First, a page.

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Ulf Hannerz (1996) argues that the idea of transnationalism is so widely used today, because the aforementioned phenomena pertain to a large proportion, if not to the majority, of contemporary people.Estonia’s citizens are no different in this respect.

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Indeed, critics point out that films can be national and transnational at the same time (Ezra and Rowden 2006).

Such conceptualization largely depends on the cultural perspective of the person who undertakes it, which includes, as Stephen Crofts argues, a very limited knowledge of the immense diversity of world cinemas (Crofts 1993: 60-1).

Equally, they do not address exclusively Estonian viewers, but international audiences as well, which is testified by a strong presence of Estonian films at European film festivals and the fact that they are routinely subtitled in English.

Paradoxically, Estonia’s leaning towards transnational cinema (or at least its opposition to nationalistic cinema) was expressed by Estonian critics and filmmakers in the context of the greatest box office success in post-communist Estonia, , 2002), directed by Elmo Nüganen, which is a patriotic “heritage movie,” opposing many of the trends described above.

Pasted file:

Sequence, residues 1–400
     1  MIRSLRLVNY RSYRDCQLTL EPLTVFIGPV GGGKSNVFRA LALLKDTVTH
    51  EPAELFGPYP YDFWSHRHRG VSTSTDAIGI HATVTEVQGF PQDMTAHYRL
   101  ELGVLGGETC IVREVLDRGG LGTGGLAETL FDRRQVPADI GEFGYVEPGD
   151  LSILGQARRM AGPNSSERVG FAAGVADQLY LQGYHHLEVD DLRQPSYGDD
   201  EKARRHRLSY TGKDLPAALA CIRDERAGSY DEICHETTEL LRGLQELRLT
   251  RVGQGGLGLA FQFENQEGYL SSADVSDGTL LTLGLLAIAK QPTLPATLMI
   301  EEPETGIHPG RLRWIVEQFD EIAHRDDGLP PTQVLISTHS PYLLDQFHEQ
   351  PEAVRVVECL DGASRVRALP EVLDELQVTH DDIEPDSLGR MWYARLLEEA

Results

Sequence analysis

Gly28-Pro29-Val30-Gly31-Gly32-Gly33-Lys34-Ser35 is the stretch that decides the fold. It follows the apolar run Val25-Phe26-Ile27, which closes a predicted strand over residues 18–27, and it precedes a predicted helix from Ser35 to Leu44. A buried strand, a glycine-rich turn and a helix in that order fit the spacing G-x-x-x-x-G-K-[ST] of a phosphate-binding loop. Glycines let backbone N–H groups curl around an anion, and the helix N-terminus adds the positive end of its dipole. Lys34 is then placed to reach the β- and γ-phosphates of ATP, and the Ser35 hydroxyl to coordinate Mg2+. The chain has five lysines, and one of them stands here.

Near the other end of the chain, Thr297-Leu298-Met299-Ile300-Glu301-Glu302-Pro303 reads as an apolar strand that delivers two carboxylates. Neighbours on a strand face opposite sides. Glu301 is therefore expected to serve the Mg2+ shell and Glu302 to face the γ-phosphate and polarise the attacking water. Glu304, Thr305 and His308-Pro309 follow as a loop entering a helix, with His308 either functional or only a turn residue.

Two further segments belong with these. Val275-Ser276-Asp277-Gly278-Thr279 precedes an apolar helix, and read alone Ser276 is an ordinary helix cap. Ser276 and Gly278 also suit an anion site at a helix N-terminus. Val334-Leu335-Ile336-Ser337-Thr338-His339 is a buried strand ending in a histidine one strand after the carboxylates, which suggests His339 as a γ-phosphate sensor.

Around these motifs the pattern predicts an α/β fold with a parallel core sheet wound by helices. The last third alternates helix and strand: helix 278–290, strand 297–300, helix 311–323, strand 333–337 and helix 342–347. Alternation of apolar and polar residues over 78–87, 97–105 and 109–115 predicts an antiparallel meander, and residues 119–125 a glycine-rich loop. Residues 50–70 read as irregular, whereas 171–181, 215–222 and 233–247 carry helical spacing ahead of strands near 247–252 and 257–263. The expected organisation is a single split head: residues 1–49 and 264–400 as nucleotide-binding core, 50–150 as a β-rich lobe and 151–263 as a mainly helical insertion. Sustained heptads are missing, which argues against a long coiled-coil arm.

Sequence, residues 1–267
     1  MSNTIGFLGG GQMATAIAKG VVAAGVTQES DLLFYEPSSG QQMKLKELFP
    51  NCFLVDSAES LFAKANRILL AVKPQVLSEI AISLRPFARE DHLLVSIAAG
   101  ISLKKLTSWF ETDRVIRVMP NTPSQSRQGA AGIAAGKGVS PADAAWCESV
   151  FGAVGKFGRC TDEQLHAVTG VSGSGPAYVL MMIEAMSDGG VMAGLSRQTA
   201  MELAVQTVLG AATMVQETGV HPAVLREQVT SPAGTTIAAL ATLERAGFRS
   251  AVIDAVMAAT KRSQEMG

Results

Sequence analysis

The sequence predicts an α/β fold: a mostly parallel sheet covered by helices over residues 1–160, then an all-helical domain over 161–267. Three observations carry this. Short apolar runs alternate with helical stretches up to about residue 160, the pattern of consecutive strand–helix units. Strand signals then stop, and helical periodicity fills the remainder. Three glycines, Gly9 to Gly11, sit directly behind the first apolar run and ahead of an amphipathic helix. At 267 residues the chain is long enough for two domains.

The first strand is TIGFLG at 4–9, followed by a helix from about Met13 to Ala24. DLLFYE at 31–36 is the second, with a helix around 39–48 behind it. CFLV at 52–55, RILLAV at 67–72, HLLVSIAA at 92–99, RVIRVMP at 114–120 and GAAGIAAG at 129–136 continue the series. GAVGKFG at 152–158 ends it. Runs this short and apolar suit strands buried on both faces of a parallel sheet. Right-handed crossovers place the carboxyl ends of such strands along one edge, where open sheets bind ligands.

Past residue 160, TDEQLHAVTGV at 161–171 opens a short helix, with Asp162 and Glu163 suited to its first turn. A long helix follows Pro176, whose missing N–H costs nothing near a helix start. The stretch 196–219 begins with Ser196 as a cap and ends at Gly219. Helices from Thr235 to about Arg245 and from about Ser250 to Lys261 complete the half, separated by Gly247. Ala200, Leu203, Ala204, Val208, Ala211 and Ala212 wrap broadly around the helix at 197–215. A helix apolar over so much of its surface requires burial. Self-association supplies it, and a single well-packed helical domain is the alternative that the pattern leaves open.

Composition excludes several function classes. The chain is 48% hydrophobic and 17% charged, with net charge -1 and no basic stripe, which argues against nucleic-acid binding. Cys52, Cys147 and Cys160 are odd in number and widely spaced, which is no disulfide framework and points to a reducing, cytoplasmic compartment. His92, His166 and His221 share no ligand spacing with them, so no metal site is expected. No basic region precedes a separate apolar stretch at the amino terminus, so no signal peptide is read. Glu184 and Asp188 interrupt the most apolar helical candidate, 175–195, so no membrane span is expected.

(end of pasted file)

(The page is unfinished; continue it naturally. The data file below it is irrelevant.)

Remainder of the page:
To demonstrate this point, let us begin with the very concept of “transnationalism.” In his article “Conceiving and researching transnationalism,” Steven Vertovec maintains that “transnationalism” refers to multiple ties and interactions linking people or institutions across the borders of nation-states; he reviews the various ideas pertaining to this term, concerning social formations that span national borders such as ethnic diasporas, and social networks transcending geographical boundaries, facilitated by modern technologies such as the Internet.

These networks allow the recreation of national cultures on foreign soil and enable the creation of forms of solidarity and identity that do not depend on the appropriation of space.

Another understanding of transnationalism discussed by Vertovec is that of “diaspora consciousness,” marked by dual or multiple identifications and loyalties.

Those who possess such consciousness might feel simultaneously “here and there,” connected to their neighbors, but also maintaining strong ties with those living elsewhere.

‘Names in Marble’ was probably the first film to treat patriotism sincerely and in a positive light.

Elsewhere, mockery and anarchy prevail” (Kaus 2003).

The most potent symbol of this absorption is Tallinn’s Old Town, the oldest part of Estonia’s capital city, surrounded by a four-kilometer-long limestone Town Wall.

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